In Einstein's theory of relativity, we start with describing events as coordinates in 4D Minkowski space. All events that have occurred in the past and future would then be represented as points in this 4D block structure. But is this not in direct contradiction with our experience of time? Why does anything at all happen then?
Consider a 2D being living in 2D space. For our purposes of visualization of this being's time as a dimension, we take the 3rd dimension. Now any dynamical behavior of this particle would be captured as a series of successive "slides" that grow the height of this box. But if we know the mathematics of the dynamical laws, we can compute and build this box ourselves, and this box will be identical to the first box. When we view this box, we can find no information that tells us that this being is in this slice of time rather than that slice of time. There is no implicated direction, only a static block. So why is it that this 2D being should "feel" the flow of time?
If we ourselves live in a 4D block universe, described by a set of equations that are completely deterministic, shouldn't we too not experience time at all? What then causes the illusion of "flow", that enables us to talk about the "present" rather than the future or the past? Is this indicative of a shortcoming of all mathematical models of the universe?
The way I see it, any mathematical description of the universe, if it exists in principle, should predict all events from the creation to the end of the universe at once. Like a solution to a set of equations exists, whether or not we choose to go through the calculations, spend time with it, and arrive at the solution, it exists regardless. Similarly, if a theory of everything is mathematical, why is it not simultaneously a static unchanging solution? The universe "knows" what its initial conditions are and subsequently the entire future of it is determined, so why does a need for passage arise, as evidenced by our experience? The solution already exists, no need for a computation, implying no evolution of state and no passage of time.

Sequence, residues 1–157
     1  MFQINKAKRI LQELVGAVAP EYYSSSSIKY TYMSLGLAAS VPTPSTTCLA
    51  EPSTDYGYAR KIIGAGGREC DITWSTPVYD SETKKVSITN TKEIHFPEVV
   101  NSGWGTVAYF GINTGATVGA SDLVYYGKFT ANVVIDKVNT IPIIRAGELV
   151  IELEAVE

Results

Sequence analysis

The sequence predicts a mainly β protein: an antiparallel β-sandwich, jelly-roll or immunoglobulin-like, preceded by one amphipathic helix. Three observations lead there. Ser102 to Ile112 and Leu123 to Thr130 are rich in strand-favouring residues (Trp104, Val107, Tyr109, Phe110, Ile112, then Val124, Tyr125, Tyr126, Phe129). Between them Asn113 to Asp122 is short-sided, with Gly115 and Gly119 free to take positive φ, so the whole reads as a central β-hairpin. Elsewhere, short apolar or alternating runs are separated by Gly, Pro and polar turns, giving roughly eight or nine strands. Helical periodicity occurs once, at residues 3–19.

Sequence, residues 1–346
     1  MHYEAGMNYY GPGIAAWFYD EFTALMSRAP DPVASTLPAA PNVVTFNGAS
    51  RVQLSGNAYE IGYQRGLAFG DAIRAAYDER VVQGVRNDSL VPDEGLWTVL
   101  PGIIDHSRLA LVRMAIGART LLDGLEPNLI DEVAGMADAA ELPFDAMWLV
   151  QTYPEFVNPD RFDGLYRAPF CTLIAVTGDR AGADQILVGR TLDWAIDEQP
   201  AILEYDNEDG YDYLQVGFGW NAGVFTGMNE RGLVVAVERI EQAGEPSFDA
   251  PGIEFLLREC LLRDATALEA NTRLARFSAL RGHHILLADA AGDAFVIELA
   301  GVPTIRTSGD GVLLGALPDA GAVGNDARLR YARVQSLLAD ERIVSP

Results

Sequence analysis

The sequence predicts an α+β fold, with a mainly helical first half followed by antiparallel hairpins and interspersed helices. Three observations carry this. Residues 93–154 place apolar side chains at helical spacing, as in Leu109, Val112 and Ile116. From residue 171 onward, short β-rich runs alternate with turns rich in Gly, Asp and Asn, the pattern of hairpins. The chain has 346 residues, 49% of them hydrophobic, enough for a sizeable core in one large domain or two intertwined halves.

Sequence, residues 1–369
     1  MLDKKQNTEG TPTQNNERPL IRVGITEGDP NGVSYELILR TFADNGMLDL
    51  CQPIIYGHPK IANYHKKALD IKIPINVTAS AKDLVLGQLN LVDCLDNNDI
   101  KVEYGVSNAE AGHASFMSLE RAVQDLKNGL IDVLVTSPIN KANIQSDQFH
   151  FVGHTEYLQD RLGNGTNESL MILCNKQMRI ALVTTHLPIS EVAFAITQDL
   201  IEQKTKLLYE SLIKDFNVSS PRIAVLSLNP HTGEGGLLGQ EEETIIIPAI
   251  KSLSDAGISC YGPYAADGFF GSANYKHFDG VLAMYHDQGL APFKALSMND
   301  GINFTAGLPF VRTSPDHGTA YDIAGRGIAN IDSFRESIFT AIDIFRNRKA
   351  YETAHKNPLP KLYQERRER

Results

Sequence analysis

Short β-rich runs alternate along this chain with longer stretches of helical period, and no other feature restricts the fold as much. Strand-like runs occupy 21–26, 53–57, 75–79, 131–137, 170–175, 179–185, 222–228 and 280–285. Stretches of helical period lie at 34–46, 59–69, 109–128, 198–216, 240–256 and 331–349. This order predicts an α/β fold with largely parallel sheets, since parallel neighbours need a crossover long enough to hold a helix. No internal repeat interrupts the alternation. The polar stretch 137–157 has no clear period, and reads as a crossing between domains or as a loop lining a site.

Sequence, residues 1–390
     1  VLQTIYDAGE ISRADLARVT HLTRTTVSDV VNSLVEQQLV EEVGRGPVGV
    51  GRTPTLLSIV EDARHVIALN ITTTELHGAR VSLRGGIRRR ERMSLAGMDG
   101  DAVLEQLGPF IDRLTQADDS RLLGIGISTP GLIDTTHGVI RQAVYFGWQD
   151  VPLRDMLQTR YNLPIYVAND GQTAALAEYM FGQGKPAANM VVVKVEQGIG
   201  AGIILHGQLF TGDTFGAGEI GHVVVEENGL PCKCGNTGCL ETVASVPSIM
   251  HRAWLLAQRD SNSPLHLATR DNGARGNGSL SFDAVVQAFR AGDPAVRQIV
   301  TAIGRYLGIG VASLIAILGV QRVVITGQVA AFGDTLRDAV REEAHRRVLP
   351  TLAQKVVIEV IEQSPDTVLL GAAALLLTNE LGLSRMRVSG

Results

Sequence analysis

So how do we reconcile the fact that any mathematical theory of the universe will incorporate a dynamical nature to it, that is unknown prior till it actually happens? Does it mean that the laws of the universe themselves change over time, giving rise to a notion of time, a present fundamentally different from the past, circumventing the need for a static solution, providing a direction of time?